“Gimme Shelter” is a Keith song, not a Mick song. If you know what I mean, than you know there’s a distinction. It’s a song about love and anger, but through the collaborative alchemy of the Stones it becomes an anthem for all that is wrong in the world in 1969.

While in London, Keith Richards came up with the amazing guitar intro while Mick Jagger was off acting in some forgettable film. The band recorded the song with the great Nicky Hopkins on piano; and Jimmy Miller, the Stones producer and sometimes session contributor, added some subtle but memorable percussion work to the track.

But something was still missing, so Miller took the band to LA looking for a certain sound that would complete the recording.  He would find what he was searching for only a few miles away.

Miller decided the track needed a female backing vocal, and immediately called Bonnie Bramlett, the wife and band-mate of Delaney Bramlett, of the group Delany & Bonnie. She was a well known and accomplished singer signed to the legendary Stax label, having previously performed with the likes of Eric Clapton, George Harrison, and Duane Allman. Bonnie gladly came in to rehearse when Miller called, but unfortunately her voice gave out and she ultimately couldn’t perform when it came time to lay down the final recording.

It was getting late, and the band was feeling in the moment. Sensing the urgency of the hour, Miller called Merry Clayton, a voice he remembered hearing not too long before.  Jagger would later recall, “She came with her curlers in, straight from bed, and had to sing this really odd lyric. For her it was a little odd – for anyone, in the middle of the night, to sing this one verse it would have been odd. She was great.”

Clayton wasn’t an unknown the night her phone rang with a chance at immortality. She had done session work for acts like Ray Charles, Elvis Presley, and Neil Young and was respected for her strong voice. She entered the studio and promptly gave one of the most electrifying performances captured on tape.

When you listen to  “Gimme Shelter”, you can hear as Clayton’s voice cracks from the strain of her powerful singing. During the third and final refrain, she wails the word “murder”, after which Jagger lets out an emphatic cry in admiration of Clayton’s emotional and over the top delivery. Her sound is primal, capturing the darkness and urgency of the lyrics. It’s clear to everyone in the control room that they just witnessed greatness.

Merry Clayton laid down her vocals and left the studio. Not long after, she suffered a miscarriage. Apparently, this was due to the strain that came with reaching the highest notes during that session. It’s impossible to know this fact and not feel her devastation every time you hear the song.

For all of her contributions to this legendary recording, Merry Clayton’s name was misspelled on the original release, appearing as ‘Mary’. Amazingly, “Gimme Shelter” was never officially released as a single.

This recording changed the arc of her career. Clayton went on to success as a solo artist and was in demand as a backing vocalist for other stars. She recorded 5 singles that made it onto the Billboard Top 100 charts, including her own version of “Gimme Shelter”. She also had successful career acting on stage (as the Acid Queen in The Who’s Tommy) and in film and TV.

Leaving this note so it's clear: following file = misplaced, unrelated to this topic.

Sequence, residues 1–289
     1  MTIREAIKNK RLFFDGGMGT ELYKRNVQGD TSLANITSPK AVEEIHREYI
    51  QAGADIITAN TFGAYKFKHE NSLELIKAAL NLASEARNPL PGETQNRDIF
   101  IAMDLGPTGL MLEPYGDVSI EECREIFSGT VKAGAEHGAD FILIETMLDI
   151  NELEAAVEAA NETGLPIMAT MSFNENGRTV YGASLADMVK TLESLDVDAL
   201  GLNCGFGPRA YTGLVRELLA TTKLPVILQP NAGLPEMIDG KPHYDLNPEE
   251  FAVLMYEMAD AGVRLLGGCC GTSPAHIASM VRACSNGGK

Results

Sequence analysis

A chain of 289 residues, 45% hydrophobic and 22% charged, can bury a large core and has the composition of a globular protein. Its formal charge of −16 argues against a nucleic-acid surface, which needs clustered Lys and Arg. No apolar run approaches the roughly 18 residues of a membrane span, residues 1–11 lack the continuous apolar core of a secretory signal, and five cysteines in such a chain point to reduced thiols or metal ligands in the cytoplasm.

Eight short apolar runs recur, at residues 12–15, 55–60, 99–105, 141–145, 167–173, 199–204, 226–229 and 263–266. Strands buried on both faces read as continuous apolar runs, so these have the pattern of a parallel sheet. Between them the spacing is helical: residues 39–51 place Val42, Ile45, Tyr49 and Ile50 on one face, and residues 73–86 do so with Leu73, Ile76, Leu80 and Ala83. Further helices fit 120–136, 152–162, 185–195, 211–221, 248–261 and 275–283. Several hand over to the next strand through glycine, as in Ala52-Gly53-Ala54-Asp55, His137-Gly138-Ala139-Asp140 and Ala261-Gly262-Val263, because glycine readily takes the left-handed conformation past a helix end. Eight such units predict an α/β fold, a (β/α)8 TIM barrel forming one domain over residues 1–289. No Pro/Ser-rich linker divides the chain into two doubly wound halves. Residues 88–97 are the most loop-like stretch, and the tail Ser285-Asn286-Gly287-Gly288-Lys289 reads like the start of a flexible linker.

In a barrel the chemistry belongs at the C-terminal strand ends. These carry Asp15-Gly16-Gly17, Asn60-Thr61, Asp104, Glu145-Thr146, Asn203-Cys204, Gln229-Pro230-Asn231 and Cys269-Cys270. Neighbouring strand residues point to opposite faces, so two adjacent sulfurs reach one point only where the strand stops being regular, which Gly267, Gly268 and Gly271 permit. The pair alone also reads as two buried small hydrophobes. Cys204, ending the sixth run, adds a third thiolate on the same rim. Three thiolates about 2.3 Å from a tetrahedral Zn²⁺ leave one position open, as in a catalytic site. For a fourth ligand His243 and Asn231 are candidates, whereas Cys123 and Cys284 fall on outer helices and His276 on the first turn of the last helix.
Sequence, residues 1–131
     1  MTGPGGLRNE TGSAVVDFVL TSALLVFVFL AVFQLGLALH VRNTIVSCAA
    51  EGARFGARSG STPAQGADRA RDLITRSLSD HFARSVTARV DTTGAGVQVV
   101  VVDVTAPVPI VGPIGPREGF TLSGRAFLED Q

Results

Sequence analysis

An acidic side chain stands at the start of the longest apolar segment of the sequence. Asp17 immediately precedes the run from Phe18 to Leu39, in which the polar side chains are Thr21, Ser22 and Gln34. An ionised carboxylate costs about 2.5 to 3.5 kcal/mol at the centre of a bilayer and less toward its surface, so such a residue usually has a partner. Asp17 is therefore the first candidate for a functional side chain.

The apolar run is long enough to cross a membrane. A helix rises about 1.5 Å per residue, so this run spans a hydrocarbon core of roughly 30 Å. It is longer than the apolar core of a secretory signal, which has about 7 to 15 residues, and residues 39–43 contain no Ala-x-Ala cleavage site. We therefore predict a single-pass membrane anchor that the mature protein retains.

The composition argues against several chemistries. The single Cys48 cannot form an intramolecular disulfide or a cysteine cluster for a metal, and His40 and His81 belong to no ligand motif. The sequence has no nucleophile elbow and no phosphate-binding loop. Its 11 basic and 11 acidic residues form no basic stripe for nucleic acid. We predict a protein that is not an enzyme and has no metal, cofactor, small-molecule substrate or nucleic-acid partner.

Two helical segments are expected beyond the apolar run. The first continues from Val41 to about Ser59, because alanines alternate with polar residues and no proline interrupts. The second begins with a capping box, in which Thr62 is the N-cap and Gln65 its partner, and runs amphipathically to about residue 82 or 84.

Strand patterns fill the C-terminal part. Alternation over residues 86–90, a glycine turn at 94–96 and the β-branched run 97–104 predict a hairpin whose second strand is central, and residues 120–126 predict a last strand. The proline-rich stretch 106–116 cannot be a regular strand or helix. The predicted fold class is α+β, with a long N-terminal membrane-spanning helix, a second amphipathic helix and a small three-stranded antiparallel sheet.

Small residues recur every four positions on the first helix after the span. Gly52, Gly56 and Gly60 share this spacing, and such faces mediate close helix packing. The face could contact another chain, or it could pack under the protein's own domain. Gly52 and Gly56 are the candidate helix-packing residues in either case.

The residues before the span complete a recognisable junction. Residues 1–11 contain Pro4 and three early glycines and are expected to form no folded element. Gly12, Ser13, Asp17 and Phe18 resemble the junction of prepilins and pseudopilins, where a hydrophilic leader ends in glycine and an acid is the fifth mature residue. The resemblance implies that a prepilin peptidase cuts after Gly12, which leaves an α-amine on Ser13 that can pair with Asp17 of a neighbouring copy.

Merry Clayton seized her moment. She took advantage of the opportunity to fill-in for an ailing Bonnie Bramlett, and by delivering a powerful performance, became a part of rock and roll history.

Oh, and one more thing – “Gimme Shelter” isn’t the only legendary song on which her backing vocals make an impression. You can hear Merry Clayton on Lynyrd Skynard’s epic “Sweet Home Alabama” as well.

Turn it up.

Posted by: jatplay | January 18, 2012

It’s Always About the People

NYSE Trading Post Last Sale Indicator – Presented to my grandfather in 1980 when the NYSE switched from wooden, hand-adjusted indicators to computers

“55 Water St., back of the building,” my father instructed the cab driver, and just like that we were off.

The ride in on the 7:34 am MTA train from North White Plains was uneventful. This was before the iTouch and smart phones, so as an 8 year old I had little to do but watch my dad and the other commuters read their New York Times or Wall Street Journal’s. As soon as we hit Grand Central, however, things started to happen at an increasingly faster pace. We walked briskly through the enormous terminal, and upon hitting Lexington Ave, promptly grabbed a cab in order to make it onto the floor of the New York Stock Exchange before the opening bell.

It was the summer of 1982, the first year that even 100 million shares were traded in a day on the NYSE, and not many people cared about the overseas markets or what the futures were doing. The exchange may have been the epicenter of the financial world, but until that morning, it was a place that existed only in my imagination.

My expectations of what this place would be were molded and shaped by the stories told around the dinner table by my grandfather, uncle, and father, all of whom worked somewhere known simply as “the Floor”.  Based on these stories, this “Floor” seemed to be the most exciting place in the world, and I was finally going to see it for myself.

The people on the floor of the NYSE didn’t care about your pedigree. It wasn’t a “white shoe” place like the banks, but it was no less competitive. It was a place where it didn’t matter what your last name was or where you went to school. If you could trade, you were a success, and if you couldn’t, you were out.